Among the mythical Greek goddesses who were worshiped widely by mortals was Hebe – the goddess of beauty who personified youthfulness and charm. This elegant goddess was the daughter of Hera and Zeus and was renowned for her ethereal beauty. In Greek dialect, the name Hebe means youth and she is rumored to have had the power to infuse youthfulness into the old and forgotten mortals. She was the provider and giver of nectar – the drink that gods drank to remain immortal. Hebe served as the handmaiden to Hera, and also helped in preparing the royal chariot of her parents. She was Hercules’s wife and bore him two children Alexiares and Anicetus.
In Greek mythology Demeter is the divine deity of harvest and grain. Her parents were the Titan Gods Kronos and Rhea. A unique quality about Demeter was her close relationship with the people that worshiped her. Instead of residing on Mount Olympus like other gods and goddesses, she preferred to stay at the many temples her devotees built in her honor. Demeter was the goddess of the people and always preferred to stay close to them. Mostly worshiped by farmers, this goddess blessed them with good harvest of crops. The creator of seasons, Demeter could control them. Persephone, the daughter of Demeter was abducted by Hades who took her to the underworld and this led the goddess to lose her mind and caused her deep hurt leading to the beginning of winter season that appears so dark and gloomy. It signifies Persephone’s departure to the underworld. And when its spring time, the weather looks all happy indicating her return to Demeter from the underworld.
In this list of Greek goddesses, the name of the goddess of hearth-Hestia has to feature for she was the sister of the supreme Gods – Poseidon, Zeus and Hades. She was a virgin goddess and was the love interest of Poseidon and Apollo. But, as she had solemnly promised Zeus that she would forever remain a virgin, Hestia never married any mortal or god. To ancient Greeks, this goddess represented a peaceful domestic life and warmth that exudes when the hearth is lit up with fire, thereby offering satisfaction to the whole household.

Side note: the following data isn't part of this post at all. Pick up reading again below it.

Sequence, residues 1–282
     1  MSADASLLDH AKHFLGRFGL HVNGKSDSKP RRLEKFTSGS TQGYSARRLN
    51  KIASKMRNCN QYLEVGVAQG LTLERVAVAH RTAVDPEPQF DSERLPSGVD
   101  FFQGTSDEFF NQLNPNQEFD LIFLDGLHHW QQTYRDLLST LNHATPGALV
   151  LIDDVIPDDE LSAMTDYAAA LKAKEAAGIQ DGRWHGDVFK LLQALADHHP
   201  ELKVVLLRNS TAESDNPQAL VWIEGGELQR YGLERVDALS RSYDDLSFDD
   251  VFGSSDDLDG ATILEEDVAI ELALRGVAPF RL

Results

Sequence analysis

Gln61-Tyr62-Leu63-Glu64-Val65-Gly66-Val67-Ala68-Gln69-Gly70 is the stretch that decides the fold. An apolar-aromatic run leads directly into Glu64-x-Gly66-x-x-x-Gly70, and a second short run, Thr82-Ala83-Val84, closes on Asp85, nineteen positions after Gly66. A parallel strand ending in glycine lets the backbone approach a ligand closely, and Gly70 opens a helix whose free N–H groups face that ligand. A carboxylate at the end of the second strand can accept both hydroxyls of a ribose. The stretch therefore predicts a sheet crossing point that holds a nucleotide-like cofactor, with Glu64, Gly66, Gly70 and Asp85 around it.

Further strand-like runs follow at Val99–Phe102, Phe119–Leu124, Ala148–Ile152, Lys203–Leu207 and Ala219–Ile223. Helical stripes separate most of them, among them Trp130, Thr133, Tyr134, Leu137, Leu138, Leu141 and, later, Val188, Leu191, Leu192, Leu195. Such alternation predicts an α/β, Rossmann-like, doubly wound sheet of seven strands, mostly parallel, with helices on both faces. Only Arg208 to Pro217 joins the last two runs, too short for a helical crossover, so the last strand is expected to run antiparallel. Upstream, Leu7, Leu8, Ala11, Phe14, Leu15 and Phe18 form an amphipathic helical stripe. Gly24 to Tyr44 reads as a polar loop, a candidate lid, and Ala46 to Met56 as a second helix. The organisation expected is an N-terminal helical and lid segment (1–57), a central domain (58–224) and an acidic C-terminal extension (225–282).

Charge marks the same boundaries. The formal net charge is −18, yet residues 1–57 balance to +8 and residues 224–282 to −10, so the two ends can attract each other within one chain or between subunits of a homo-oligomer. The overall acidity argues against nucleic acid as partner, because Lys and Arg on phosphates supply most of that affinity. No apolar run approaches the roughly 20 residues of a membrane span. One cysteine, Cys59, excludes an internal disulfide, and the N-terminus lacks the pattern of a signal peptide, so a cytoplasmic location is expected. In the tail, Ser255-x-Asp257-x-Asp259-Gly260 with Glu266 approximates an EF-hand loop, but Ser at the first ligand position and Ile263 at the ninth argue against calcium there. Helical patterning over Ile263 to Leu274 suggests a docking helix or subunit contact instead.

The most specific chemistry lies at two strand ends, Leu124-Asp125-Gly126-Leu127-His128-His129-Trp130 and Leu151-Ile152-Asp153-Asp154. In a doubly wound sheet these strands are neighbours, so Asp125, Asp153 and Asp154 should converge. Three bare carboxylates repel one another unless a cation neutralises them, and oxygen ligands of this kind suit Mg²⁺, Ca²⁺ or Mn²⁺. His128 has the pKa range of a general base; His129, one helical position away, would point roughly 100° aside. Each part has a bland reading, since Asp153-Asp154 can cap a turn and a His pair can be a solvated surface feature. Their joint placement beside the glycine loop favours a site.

Representing the eternal mist or light, Achlys symbolized sadness and grief. This goddess can be seen in the form of a pale woman on Heracles’s shield. Her portrayal looks dismal with an emancipated appearance, her knees swollen, cheeks bloody and long creepy nails. She is also portrayed as though she is covered in dust and grime.
The Goddess Ananke is a divine personification of force, inevitability and necessity in Greek mythology. Most depictions show her in the form of a woman holding a spindle. Such was her powerful persona that gods and mortals respected her. There are many accounts of her and in each she is represented in a different way. For example, Ananke is shown in the form of a serpentine figure that comes out at the formation of dawn and is self-formed. This account is mentioned in Orphic mythology. In this serpentine avatar, she is shown with her arms outstretched, engulfing the cosmos. Ananke along with Chronos are shown mingled with each other around the cosmos. The ancient Greek traveler Pausanias offers another account according to which Ananke had a temple dedicated to her in Corinth where she is worshiped along with Bia, the deity repressing violence and haste.